This month, the comment period for the Calendar Year 2022 Physician Fee Schedule (CY 2022 PFS) will close, marking an important regulatory step in how providers will be reimbursed for health care services next year. With the assistance of Faegre Drinker professionals, the American Telemedicine Association (ATA) — the only national organization exclusively dedicated to advancing telehealth policy — submitted detailed, industry-leading comments to encourage appropriate telehealth coverage and reimbursement policies in the final rule.
Physician Fee Schedule: The Physician Fee Schedule (PFS) is an annual rulemaking process through which the Centers for Medicare and Medicaid Services (CMS) sets physician coverage and reimbursement rates for the upcoming calendar year. CMS releases the proposed PFS each summer, recommending coverage and reimbursement changes. The proposed rule remains open for comments this year through September 13, and the rule will likely be finalized in November or December. Given the expansive reach of the annual PFS, this rulemaking process typically marks an opportunity for the agency to make significant policy changes under their authority, including policies that impact Medicare beneficiaries’ access to telehealth services.
Telehealth Services: The ATA’s comprehensive comments to the proposed rule focused largely on the need to expand access to telehealth services. During the COVID-19 public health emergency (PHE), both Congress and CMS have taken widespread action to expand access to telehealth services in Medicare. Historically, federal law has severely limited telehealth coverage and reimbursement in the Medicare program, but many of these restrictions have been waived during the pandemic. Once the PHE ultimately expires, these flexibilities will go away. As such, CMS’s PFS process is limited on how much the agency can permanently expand telehealth access.
In the CY 2022 PFS, CMS proposes allowing the Category 3 telehealth list, an inventory of temporarily reimbursable telehealth services, to remain through the end of CY 2023. The ATA notes this is an important policy that will offer a post-PHE glidepath for patients and providers, allowing additional services to be reimbursed even after the PHE ends. However, it is important to note that even with the continuation of Category 3 services, if the PHE ends, statutory restrictions on which Medicare patients are eligible to access these services will snap back into effect.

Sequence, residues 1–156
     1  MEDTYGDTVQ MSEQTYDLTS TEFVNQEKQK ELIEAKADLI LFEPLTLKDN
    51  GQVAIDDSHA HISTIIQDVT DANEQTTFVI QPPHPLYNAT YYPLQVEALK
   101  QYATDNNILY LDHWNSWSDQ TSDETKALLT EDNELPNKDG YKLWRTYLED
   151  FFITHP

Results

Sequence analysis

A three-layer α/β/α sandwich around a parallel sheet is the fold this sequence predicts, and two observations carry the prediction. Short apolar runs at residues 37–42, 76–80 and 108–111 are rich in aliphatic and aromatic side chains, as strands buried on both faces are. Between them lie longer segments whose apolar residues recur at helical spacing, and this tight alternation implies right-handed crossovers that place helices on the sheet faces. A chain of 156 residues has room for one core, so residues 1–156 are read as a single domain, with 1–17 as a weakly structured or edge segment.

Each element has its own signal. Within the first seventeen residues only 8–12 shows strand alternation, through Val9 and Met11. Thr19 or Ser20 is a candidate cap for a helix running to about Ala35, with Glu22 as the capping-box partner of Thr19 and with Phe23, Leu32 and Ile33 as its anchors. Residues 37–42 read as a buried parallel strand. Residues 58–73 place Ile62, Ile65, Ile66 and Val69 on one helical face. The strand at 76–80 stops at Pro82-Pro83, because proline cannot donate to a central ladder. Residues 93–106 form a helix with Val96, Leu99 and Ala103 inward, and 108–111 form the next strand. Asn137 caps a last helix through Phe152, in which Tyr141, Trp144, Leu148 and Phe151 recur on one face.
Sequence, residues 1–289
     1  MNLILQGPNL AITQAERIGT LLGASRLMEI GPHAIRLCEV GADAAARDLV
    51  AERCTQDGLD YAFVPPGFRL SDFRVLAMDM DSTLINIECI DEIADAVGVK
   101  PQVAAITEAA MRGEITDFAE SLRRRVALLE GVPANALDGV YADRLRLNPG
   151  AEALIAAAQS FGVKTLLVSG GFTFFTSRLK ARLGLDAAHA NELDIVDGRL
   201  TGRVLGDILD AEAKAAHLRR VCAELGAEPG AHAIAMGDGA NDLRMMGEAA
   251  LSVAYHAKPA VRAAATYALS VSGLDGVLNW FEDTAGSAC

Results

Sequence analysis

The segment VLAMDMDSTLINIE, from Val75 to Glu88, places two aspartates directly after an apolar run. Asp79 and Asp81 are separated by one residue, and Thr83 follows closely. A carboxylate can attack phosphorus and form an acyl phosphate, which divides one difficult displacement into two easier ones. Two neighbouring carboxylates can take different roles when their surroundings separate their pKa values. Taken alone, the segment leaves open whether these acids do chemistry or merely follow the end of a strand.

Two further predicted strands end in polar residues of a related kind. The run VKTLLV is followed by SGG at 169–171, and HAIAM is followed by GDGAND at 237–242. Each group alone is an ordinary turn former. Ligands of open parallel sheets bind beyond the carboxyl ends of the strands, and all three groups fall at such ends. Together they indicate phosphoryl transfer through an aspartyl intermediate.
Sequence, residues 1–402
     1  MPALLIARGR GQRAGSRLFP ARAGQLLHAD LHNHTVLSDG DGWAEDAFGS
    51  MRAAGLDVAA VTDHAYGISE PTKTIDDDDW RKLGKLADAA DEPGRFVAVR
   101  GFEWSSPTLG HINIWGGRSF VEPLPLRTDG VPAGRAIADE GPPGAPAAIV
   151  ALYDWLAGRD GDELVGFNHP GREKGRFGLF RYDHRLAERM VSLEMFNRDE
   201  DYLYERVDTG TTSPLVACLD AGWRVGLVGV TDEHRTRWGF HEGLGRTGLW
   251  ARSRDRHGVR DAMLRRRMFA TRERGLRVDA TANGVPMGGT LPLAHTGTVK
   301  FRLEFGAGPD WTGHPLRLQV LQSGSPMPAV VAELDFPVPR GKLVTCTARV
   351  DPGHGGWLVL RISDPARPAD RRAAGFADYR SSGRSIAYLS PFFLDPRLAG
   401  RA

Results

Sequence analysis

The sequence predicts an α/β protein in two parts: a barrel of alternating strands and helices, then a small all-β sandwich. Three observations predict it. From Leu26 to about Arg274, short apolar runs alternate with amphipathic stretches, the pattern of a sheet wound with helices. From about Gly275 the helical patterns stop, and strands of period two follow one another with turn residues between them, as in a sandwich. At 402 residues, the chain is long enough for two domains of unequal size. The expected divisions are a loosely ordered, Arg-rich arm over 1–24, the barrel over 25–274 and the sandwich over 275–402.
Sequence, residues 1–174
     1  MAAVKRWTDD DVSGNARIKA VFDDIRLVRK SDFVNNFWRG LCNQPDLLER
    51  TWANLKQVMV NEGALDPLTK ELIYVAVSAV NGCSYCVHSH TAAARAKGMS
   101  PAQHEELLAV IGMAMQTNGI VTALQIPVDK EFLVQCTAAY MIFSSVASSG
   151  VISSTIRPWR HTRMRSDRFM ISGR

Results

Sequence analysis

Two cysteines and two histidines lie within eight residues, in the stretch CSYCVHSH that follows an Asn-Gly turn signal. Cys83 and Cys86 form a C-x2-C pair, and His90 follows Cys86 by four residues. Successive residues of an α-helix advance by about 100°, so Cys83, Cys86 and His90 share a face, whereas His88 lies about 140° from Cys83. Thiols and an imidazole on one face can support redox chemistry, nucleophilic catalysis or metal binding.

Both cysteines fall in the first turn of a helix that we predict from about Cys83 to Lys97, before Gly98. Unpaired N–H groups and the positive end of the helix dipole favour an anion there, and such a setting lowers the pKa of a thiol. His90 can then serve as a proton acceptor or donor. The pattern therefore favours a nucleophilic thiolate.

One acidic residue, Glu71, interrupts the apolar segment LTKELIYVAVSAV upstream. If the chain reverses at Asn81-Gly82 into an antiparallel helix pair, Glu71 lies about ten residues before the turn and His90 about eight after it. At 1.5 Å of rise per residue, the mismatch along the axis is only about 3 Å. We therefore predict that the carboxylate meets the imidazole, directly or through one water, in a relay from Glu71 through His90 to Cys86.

Telemental Health Services: While post-PHE statutory restrictions remain in law for most telehealth services, Congress did act at the end of 2020 to allow permanent access to telemental health services regardless of a patient’s geographic or physical location. The CY 2022 PFS takes necessary steps to implement this new policy, which was signed into law as Section 123 of the Consolidated Appropriations Act. While the ATA notes the importance of expanding access to telemental health services, their comments also reflect an industry-wide concern regarding the law’s arbitrary requirement for a patient to see a provider in-person within a six-month period before being eligible for a telemental health service. The ATA further comments that CMS unnecessarily requires Medicare patients to have recurring in-person visits every six months to qualify for telehealth.
The ATA’s letter also commends CMS for working to allow Federally Qualified Health Centers and Rural Health Clinics to offer telemental health services starting in 2022, aligning these safety net providers with fee-for-service providers.
Remote Therapeutic Monitoring and Remote Patient Monitoring: For the first time, the PFS looks to cover non-physiologic remote monitoring services through new coverage and reimbursement for remote therapeutic monitoring (RTM). The ATA commends CMS on their swift action adopting, covering and reimbursing RTM codes as proposed in the CY 2022 PFS. However, the ATA further details how the approach taken by CMS in the proposed rule may have unintended consequences including disallowing certain relevant providers from using the new codes and limiting physicians from billing for incident-to services. As such, ATA’s letter details alternate options, including the use of G-codes to ensure RTM is deployed to Medicare beneficiaries in an appropriate manner.
The ATA further expressed concerns that CMS neglected to address remote physiologic monitoring (RPM) in the CY 2022 PFS. For example, the ATA’s comments on the CY 2021 PFS proposed rule last year included significant feedback on CMS’s then-proposed RPM policies, which were not entirely addressed in the CY 2021 final rule. In this year’s comments, the ATA explains that CMS missed an opportunity to correct these policies by leaving RPM policy out of the CY 2022 PFS proposed rule.
The comment period for the CY 2022 PFS will remain open until 5:00 p.m. ET on September 13. Until that time, various stakeholders will continue to comment on countless measures included in the expansive proposed regulations. Telehealth will undoubtedly continue to be a key focus for many commenters on this policy and for many stakeholders as they advocate before federal agencies and Congress. More information on Faegre Drinker Consulting’s government affairs services and Faegre Drinker’s digital health capabilities can be found on our websites.